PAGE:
Agree that China had MHG even though there wasn’t a single name for it (I suppose Westerners call it “Confucianism” though Chinese would not call that a religion). But the Chinese had 上帝/天 for a long time. In fact, Confucius considered himself a servant of 天:
https://en.wikipedia.org/wiki/Shangdi
https://en.wikipedia.org/wiki/Tian

Guillaume Belanger

Congratulations! A beautiful result definitely worthy of a Nature paper! So much work and years of work finally coming together into something powerfully convincing. I’m very happy for you!

Anonymole

Mr. Turchin,
I’ve a theory I wonder if you’d care to explore. It regards Capitalism vs Socialism with regards to good and services. That when a win:win relationship exists open markets are best. But when a win:lose or lose:win relationship exists — only a social solution can work (to benefit society).
Roughly:
Capitalism works when both parties — the buyer and the seller — benefit from the goods or services rendered. The corporation that produces the safest, longest lasting, most feature rich and cheapest vehicle will benefit as more of those will be sold due to the public also benefiting from just such a product.
Win:Win.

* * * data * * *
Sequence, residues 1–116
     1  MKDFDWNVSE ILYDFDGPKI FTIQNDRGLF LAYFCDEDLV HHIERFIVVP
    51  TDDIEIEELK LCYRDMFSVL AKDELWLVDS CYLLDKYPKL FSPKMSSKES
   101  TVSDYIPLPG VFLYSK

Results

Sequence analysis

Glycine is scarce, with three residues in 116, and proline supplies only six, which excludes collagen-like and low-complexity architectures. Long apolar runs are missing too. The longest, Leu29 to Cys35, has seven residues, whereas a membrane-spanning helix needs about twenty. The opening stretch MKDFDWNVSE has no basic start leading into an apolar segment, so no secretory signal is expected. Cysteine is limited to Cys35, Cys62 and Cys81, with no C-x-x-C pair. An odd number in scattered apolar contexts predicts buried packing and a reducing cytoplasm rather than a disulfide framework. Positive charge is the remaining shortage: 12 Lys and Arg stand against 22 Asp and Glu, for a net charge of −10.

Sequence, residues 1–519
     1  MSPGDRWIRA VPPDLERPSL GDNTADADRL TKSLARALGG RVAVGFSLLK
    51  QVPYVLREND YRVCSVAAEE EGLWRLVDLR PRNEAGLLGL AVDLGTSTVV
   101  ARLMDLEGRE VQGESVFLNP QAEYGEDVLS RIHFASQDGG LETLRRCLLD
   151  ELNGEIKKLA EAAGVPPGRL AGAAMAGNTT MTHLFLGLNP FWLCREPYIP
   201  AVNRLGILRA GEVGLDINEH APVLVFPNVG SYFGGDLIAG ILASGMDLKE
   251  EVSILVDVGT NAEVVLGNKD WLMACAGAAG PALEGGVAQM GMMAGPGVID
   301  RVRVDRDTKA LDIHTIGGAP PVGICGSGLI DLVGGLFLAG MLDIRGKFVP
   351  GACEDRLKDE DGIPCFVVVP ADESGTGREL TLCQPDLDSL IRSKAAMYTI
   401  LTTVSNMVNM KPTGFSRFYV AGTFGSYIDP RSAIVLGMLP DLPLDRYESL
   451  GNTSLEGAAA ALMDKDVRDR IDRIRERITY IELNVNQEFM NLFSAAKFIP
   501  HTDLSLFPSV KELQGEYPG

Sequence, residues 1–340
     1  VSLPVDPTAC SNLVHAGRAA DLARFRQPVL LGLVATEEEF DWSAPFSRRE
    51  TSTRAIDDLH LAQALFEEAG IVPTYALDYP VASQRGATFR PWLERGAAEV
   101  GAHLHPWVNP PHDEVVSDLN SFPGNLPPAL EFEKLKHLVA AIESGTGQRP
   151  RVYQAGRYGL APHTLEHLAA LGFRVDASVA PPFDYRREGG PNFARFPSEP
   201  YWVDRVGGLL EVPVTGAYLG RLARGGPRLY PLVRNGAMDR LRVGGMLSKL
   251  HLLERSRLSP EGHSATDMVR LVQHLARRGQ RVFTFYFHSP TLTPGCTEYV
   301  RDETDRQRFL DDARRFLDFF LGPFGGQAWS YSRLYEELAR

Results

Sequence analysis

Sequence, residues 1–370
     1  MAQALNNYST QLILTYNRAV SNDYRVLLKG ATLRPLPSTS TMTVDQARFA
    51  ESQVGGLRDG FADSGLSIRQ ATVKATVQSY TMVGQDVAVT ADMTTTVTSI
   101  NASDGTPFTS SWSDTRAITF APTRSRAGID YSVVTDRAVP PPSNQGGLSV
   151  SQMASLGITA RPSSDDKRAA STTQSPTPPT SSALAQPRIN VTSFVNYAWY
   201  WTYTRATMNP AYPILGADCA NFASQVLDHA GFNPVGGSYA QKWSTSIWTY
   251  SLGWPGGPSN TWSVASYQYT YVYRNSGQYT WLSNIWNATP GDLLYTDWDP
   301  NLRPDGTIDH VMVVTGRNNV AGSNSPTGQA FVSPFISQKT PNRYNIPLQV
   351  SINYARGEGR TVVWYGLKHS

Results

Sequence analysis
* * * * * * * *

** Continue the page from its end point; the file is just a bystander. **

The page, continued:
But, when the relationship between buyers and sellers becomes a win:lose, or a lose:win, capitalism is the wrong way to provide goods or services. The easiest industry to use as an example is the pharmaceutical sector.
What would the corporations Novo Nordisk, Eli Lilly, Sanofi LOVE nothing more? That for EVERY HUMAN to contract diabetes. Those companies make insulin.
What would such companies HATE more than anything? If diabetes were some how cured across the globe.
So, companies win — human lose. Humans win — companies lose.
When a Win:Lose relationship is evident the ONLY solution is a state-run entity to provide the goods and services. Why? Because the state IS society. Does the state/society want to spend tax money on MORE insulin for MORE diabetics? Of course not. Human concerns are aligned with state concerns.